A first-of-its-kind book, Constance Hale's The Natives Are Restless explores the largely untold story of Hawaiian hula—how it has roared back as an authentic art form after two centuries of overt suppression, benign neglect, and tourist cliché—using the choreography and teachings of San Francisco dance master Patrick Makuakane. In the background of the book is the tragic story of an indigenous people and the threats to its culture. In the foreground is groundbreaking choreography and exuberant theatricality that Makuakane invents to tell that story. The crisp narrative, complemented by fourcolor photographs and stunning page design, makes Makuakane’s exuberant, fierce, sensuous dance style come alive on the page.
Publication of The Natives Are Restless is timed to coincide with the 2016 premiere of an all-new version of the show of the same name, which showcases the edgy choreography and electric staging of Makuakane’s troupe, Na Lei Hulu i ka Wekiu.
“Constance Hale is a beautiful writer with a sensitive appreciation of Hawaiian culture. Combining her deep knowledge of Hawaii with her talents as a prose stylist, she is following in the footsteps of the late James D. Houston as one of our most profound thinkers on island history and culture.” — Julia Flynn Siler, journalist and author of Lost Kingdom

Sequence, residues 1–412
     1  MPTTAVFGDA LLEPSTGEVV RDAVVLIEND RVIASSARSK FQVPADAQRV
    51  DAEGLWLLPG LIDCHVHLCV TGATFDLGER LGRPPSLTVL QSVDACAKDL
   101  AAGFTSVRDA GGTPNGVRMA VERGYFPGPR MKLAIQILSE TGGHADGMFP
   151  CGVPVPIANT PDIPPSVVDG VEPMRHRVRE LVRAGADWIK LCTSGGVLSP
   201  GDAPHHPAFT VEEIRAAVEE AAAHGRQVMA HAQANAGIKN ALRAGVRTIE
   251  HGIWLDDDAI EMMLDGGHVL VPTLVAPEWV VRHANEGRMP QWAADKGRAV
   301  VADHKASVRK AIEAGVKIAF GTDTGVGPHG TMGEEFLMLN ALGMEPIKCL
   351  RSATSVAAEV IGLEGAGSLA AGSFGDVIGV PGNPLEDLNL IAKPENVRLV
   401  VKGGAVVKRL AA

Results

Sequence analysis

Constance Hale is a Hawaii-born, San Francisco-based journalist who has been writing about Hawaiian culture for more than twenty-five years. Her award-winning features on slack-key guitar, the sovereignty movement, the Hawaiian language, Big Island cowboys, and Spam sushi have appeared in The Atlantic, National Geographic Adventure, Afar, Smithsonian, Los Angeles Times, Miami Herald, and Honolulu. She has also worked as a staff reporter and editor at the Oakland Tribune, the San Francisco Examiner, Wired, and Health magazines. She has written three books on language and literary style, including the best-selling Sin and Syntax, and her eight-part series on writing a sentence is on the New York Times “Opinionator.” Hale started dancing the hula at seven and performed each year in May Day festivals at Hale‘iwa Elementary School, switching to ballet and jazz dance while at Punahou School and Princeton University. She holds a bachelor’s degree from Princeton and a master’s degree from UC Berkeley. She has studied hula with Patrick Makuakane for twenty years and edits the halau’s annual newsletter, Kaholo‘ana.
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